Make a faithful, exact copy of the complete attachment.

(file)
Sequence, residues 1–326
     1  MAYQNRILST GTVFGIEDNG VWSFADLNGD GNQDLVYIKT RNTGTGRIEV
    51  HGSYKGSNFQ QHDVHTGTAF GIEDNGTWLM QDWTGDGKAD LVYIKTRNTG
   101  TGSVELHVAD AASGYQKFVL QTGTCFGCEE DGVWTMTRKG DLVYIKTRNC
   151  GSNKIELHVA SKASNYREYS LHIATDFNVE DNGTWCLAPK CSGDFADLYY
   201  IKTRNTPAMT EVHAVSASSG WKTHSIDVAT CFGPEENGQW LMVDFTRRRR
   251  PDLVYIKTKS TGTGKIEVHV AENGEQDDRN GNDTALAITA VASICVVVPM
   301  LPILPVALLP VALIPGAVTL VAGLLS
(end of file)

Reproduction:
Sequence, residues 1–326
     1  MAYQNRILST GTVFGIEDNG VWSFADLNGD GNQDLVYIKT RNTGTGRIEV
    51  HGSYKGSNFQ QHDVHTGTAF GIEDNGTWLM QDWTGDGKAD LVYIKTRNTG
   101  TGSVELHVAD AASGYQKFVL QTGTCFGCEE DGVWTMTRKG DLVYIKTRNC
   151  GSNKIELHVA SKASNYREYS LHIATDFNVE DNGTWCLAPK CSGDFADLYY
   201  IKTRNTPAMT EVHAVSASSG WKTHSIDVAT CFGPEENGQW LMVDFTRRRR
   251  PDLVYIKTKS TGTGKIEVHV AENGEQDDRN GNDTALAITA VASICVVVPM
   301  LPILPVALLP VALIPGAVTL VAGLLS